Tag Archives: Philosophy and Religion

On Old Age (and Ezekiel Emanuel)

In a much-discussed Atlantic essay, “Why I Hope to Die at 75,” Ezekiel Emanuel — physician, public commentator, and prominent supporter of the Affordable Care Act — argues that we’d all be better off if we died at 75. That way, we would escape the debility and indignity that accompany old age and avoid being burdens to our children and other loved ones. And we would have the solace of not outliving our productivity. After all, he writes, “by 75, creativity, originality, and productivity are pretty much gone for the vast, vast majority of us.” Emanuel has no plan to commit suicide if he reaches 75, he says. But he plans to reject all medical treatments, even routine ones, that go beyond the palliative.

220px-Cicero_-_Musei_Capitolini

He Knew

Emanuel rightly mocks “American immortals” who seem to believe they should (and maybe will!) live forever. And, in a culture like ours, which values youth and professional achievement virtually above everything else, his argument has a kind of plausibility. I’ve had 25 year-old students tell me they already feel over the hill. Why linger on into your eighties or nineties, when your best days and accomplishments are far behind you? Plus, society would save lots of money if people stopped seeking medical care at 75.

Nonetheless, there’s a serious flaw in Emanuel’s thinking. Strength, health, creativity — these are good things, but they are not the only things that give life meaning. From a Christian perspective, for example, the point of life is to express gratitude to and love for the Lord, and this we can do at any age. In the fullness of time, God will call each of us; until then, we have to try our best. There’s no point rushing Him.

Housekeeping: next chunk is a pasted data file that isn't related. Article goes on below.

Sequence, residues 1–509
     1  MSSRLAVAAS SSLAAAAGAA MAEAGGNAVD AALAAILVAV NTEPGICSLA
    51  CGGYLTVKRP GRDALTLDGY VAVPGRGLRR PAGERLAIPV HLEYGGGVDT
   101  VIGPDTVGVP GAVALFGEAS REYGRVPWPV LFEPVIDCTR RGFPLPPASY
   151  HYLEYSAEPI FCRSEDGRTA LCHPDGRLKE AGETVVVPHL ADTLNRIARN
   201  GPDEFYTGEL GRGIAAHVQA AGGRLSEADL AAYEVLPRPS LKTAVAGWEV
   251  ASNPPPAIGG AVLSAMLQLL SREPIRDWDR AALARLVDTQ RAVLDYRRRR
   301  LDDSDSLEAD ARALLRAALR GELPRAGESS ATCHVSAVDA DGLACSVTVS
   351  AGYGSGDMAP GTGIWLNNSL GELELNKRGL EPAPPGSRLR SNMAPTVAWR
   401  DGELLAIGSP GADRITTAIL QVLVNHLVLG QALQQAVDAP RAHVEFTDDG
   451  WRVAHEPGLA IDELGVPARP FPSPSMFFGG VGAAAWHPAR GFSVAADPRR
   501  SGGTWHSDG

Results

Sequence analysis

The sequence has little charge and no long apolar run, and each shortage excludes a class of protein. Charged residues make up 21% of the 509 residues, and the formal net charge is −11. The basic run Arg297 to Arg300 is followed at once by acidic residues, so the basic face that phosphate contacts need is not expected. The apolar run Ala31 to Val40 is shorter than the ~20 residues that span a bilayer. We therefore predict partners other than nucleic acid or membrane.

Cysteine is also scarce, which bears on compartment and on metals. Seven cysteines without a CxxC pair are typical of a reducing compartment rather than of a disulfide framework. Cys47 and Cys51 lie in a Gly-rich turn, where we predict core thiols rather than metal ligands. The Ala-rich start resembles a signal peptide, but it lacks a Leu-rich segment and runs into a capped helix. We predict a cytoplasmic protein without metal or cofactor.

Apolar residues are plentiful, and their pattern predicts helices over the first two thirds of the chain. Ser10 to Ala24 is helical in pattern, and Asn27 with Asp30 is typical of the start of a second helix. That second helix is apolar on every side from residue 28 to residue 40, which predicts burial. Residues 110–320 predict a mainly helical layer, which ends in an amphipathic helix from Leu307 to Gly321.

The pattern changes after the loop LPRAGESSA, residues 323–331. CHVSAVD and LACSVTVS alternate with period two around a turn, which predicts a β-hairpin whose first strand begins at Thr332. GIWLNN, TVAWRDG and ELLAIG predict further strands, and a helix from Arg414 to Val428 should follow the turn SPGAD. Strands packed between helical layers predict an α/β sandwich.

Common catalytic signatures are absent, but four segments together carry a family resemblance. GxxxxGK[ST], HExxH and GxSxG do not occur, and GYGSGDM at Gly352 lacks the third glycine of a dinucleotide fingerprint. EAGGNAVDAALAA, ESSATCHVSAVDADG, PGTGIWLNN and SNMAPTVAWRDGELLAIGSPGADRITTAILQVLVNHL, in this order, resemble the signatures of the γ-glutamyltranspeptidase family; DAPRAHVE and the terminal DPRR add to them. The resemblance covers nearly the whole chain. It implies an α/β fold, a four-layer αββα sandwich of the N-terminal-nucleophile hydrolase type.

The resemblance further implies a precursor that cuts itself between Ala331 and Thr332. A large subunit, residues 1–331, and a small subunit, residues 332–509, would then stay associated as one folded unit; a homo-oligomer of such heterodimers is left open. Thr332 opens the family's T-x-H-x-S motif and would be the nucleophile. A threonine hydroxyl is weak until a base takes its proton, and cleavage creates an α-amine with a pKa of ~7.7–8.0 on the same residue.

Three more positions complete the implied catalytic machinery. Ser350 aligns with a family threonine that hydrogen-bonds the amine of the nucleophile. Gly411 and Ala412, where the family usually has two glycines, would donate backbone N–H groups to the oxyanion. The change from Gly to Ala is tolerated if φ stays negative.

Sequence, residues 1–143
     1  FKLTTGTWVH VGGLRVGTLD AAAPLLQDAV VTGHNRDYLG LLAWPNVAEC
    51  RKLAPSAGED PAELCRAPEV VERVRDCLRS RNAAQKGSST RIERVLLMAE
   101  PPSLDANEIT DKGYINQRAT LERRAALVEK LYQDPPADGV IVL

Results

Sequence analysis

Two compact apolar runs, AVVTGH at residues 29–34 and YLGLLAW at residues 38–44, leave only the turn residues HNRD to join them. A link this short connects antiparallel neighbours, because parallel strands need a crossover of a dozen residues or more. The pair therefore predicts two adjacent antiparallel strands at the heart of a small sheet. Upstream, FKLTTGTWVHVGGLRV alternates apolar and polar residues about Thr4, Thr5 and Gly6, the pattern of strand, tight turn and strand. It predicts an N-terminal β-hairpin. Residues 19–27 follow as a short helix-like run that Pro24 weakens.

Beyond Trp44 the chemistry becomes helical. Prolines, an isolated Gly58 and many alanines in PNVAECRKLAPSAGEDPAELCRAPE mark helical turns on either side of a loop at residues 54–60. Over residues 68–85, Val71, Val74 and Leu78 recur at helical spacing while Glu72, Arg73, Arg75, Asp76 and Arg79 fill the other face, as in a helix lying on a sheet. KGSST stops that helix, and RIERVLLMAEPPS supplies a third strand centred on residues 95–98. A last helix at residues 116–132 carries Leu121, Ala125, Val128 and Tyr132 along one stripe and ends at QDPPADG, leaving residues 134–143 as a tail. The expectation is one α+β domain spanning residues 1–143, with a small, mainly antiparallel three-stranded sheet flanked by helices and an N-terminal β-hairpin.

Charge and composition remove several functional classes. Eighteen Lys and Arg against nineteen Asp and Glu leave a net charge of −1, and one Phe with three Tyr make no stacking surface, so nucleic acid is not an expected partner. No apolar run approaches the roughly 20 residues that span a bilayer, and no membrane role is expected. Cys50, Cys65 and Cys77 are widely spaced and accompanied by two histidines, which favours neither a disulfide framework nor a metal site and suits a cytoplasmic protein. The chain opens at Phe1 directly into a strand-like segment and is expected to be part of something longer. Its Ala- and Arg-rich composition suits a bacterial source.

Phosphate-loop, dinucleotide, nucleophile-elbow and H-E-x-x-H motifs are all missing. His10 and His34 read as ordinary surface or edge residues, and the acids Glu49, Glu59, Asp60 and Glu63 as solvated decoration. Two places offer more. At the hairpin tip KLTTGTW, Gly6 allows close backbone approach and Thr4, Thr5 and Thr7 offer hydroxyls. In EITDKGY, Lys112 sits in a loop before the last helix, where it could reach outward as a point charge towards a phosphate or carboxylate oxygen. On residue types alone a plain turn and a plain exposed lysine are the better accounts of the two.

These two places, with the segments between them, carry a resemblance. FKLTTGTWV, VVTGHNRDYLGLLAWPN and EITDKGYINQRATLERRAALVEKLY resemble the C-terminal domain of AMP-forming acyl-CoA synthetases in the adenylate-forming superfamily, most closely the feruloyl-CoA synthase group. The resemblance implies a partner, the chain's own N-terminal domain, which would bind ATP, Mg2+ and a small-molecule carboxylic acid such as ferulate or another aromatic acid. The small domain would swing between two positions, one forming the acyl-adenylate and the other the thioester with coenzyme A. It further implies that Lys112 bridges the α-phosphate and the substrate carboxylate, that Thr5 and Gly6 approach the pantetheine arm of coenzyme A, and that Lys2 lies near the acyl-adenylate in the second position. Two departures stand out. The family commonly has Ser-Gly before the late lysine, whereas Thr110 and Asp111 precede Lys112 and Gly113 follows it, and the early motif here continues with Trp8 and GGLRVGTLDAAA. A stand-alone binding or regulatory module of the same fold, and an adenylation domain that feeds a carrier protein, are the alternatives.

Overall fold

Not everyone believes this, of course. But one needn’t be a Christian, or a religious believer of any kind, to appreciate that old age has some things to offer. “For old men who are reasonable and neither cross-grained nor churlish find old age tolerable enough: whereas unreason and churlishness cause uneasiness at every time of life,” said the pagan Cicero (above). And one needn’t be a religious believer to see that the elderly may still have much to contribute to us, even if they are weak, sick, and no longer able to write symphonies.

In a lovely response to Emanuel, my friend, John McGinnis, explains this, offering his own parents as an example. John does a much better job than I could, so I’ll just quote him:

But youth and good health do not measure humanity. Millions in diminished health enjoy life, being with their relatives, laughing at old movies, even just sitting in the breeze and sunshine. And their relatives and friends enjoy being with them. Indeed, they may find in the elderly’s struggle with aging an inspiration and a reaffirmation of life. In caring for the frail, weak and sometimes woebegone, they may also expand their own sympathies and express some small measure of gratitude for the debt of a good upbringing that can never be fully repaid.

That is certainly my experience watching my parents age well past 75. I have never admired my father more than when at the cusp of ninety he faces down his own infirmities and cares for my mother who has Parkinson’s disease. And although much is taken from my mother, much abides—her concern for others, her delight in reading new novels and rereading old ones. Emanuel argues that in seeing the decline of those we love, we may forget our happy memories of them in their years of vigor and achievement. But those memories do not need to summoned at particular times, because they infuse my being. In any event, the most valuable memories of all are not defined by physical wellbeing but by spirit and character. For so many people beyond 75 the forging of character continues and the power of their spirit at their end will instruct us by example at our own.